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Robust, Plan-Driven Adaptation and Control of UAVs

Thomas Léauté, Hui Li & Brian C. Williams

Project Description

The goal of this project is to develop and demonstrate coordination and control methods that allow large collections of autonomous unmanned air vehicle teams to robustly perform tightly synchronized missions in a dynamic and failure prone environment. This project focuses particularly on the health management of the team, by providing control methods that achieve robustness to execution uncertainties, failure of vehicle function and limited communication. This will result in a significant increase in the team's ability to achieve its mission goals without interruption.

Previous research on team operation, in particular, cooperative vehicle path planning (CPP), has focused on performing simple, decoupled tasks, such as visiting a set of locations, by assigning and maneuvering the appropriate type of vehicle to each location. In addition, receding horizon control methods have been developed for these CPP methods that adapt to changes in goal location and environment [3][4].

Little, however, has been said about how to control a team in order to implement a more complex mission specification that involves a tight, temporal coordination of activities, performed by vehicle groups within a team. We refer to this problem as mission-directed, cooperative vehicle path planning (mission-directed CPP). Furthermore, this mission-directed coordination is particularly challenging when taking into consideration constraints on vehicle dynamics, the effects of exogenous, uncontrollable events, and spontaneous loss of vehicle function.

Multi-vehicle search and rescue offers a rich set of examples of mission-directed coordination. One example is fire rescue, in which fire reconnaissance, fire suppression and human medical aid must be well coordinated between air and ground vehicles. Alternatively, the sea rescue portrayed in the book "The Perfect Storm" is a particularly compelling example of robust mission operation under failure, while hostage rescue exemplifies the need for precise timing at key points, despite unforeseen events.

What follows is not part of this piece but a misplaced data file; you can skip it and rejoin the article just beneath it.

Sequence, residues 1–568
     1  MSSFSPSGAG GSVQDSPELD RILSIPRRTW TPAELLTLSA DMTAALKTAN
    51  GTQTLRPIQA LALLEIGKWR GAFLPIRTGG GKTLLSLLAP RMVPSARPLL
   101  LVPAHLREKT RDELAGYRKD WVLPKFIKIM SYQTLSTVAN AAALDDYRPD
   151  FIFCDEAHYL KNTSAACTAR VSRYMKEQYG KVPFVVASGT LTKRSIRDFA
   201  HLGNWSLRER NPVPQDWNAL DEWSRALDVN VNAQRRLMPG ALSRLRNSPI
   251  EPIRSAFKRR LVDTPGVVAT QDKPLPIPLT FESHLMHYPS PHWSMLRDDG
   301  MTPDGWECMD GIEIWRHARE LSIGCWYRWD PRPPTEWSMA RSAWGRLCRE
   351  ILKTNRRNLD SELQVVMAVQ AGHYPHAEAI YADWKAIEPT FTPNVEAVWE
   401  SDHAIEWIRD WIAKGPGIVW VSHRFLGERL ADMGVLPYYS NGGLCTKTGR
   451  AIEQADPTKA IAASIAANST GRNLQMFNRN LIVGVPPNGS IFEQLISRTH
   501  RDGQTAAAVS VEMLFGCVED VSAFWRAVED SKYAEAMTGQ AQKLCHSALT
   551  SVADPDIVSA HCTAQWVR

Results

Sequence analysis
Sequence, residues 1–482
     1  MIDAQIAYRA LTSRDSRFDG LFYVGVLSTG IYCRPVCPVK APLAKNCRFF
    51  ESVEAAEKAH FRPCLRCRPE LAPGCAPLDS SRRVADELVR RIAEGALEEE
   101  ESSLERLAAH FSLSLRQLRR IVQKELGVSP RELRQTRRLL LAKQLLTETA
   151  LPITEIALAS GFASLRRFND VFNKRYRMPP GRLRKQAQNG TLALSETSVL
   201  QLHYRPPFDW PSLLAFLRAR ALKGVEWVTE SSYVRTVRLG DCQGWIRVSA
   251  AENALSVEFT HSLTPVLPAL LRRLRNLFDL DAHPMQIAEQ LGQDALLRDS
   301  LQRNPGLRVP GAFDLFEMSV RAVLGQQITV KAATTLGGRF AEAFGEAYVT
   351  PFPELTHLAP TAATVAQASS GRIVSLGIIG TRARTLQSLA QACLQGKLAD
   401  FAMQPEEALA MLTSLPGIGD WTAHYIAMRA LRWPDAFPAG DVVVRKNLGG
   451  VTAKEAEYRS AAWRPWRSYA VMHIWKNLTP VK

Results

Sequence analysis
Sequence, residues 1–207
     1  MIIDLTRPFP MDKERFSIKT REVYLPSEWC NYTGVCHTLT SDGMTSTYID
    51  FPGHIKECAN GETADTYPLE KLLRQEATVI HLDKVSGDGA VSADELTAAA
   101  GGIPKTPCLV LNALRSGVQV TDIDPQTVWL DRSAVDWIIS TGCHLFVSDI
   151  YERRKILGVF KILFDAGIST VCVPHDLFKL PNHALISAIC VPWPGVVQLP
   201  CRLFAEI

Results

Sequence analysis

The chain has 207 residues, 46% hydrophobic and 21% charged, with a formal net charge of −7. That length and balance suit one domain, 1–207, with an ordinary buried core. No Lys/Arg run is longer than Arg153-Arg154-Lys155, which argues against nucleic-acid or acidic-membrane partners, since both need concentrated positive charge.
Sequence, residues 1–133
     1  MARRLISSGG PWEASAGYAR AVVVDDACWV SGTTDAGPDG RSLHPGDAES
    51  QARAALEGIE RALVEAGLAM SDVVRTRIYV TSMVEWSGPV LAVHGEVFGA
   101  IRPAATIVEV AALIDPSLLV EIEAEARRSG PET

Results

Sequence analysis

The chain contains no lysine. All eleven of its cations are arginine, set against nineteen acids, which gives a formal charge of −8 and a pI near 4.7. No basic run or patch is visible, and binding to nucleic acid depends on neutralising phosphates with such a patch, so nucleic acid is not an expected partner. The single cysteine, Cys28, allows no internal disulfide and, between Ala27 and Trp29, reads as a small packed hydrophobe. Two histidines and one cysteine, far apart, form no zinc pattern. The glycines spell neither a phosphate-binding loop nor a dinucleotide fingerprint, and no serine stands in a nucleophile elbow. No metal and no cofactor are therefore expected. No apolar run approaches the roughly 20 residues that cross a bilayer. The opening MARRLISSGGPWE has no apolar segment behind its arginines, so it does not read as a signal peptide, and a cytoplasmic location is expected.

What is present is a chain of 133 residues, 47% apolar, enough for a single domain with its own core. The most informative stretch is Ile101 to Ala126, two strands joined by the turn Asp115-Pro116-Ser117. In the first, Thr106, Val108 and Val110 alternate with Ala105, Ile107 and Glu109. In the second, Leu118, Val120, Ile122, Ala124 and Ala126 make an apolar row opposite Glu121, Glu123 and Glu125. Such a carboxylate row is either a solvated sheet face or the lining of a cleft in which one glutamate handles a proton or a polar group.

Fig. 1: Picture of our hardware-in-the-loop CloudCap testbed

Fig. 1: Picture of our hardware-in-the-loop CloudCap testbed

We are driving the development of a robust, mission-directed team operation capability in the context of a series of increasingly ambitious fire, search and rescue scenarios. We ground this work through its demonstration using a hardware in the loop UAV simulation (supplied by CloudCap Technology) (Fig. 1). In addition, we will use the swarm testbed, an indoor, autonomous, electric-powered vehicle hardware testbed, under development by Professor Eric Feron under the Boeing strategic partnership (Fig. 2).

Fig. 2: Picture of a Draganflyer quadcopter

Fig. 2: Picture of a Draganflyer quadcopter
© www.daimi.au.dk

The mission-directed CPP capabilities under development include, but are not limited to, the following:

  1. Mission-directed, cooperative vehicle activity/trajectory planning based on disjunctive linear program encodings.
  2. Continuous planning and execution, formulated as a mission-directed CPP receding horizon controller.
  3. Robust adaptation to uncontrollable temporal events, based on algorithms for dynamic controllability.
  4. Robust team reconfiguration due to vehicle failure, through dynamic vehicle mission reassignment.
  5. Distributed variants of the above mission-directed team coordination, under limited communication.

This research is supported by The Boeing Company under contract MIT-BA-GTA-1.


[1] See Thomas Léauté's research abstract for more details on his contributions to this project.

[2] See Hui Li's research abstract for more details on her contributions to this project.

[3] Yoshiaki Kuwata. Real-time Trajectory Design for Unmanned Aerial Vehicles using Receding Horizon Control. Master's Thesis, 2003.

[4] John Bellingham, Arthur Richards and Jonathan How. Receding Horizon Control of Autonomous Aerial Vehicles. In Proceedings of the American Control Conference, 2002.

[5] Phil Kim, Brian C. Williams and Mark Abramson. Executing Reactive, Model-based Programs through Graph-based Temporal Planning. In Proceedings of the International Joint Conference on Artificial Intelligence, 2001.

[6] J. Kennell. Generative Temporal Planning with Complex Processes. M. Eng. Thesis, Massachusetts Institute of Technology, October 2003.

[7] I. Shu. Enabling Fast Flexible Planning through Incremental Temporal Reasoning. M. Eng. Thesis, Massachusetts Institute of Technology, September 2003.

[8] J. Stedl. Managing Temporal Uncertainty Under Limited Communication: A Formal Model of Tight and Loose Team Communication. S.M. Thesis, Massachusetts Institute of Technology, September 2004.

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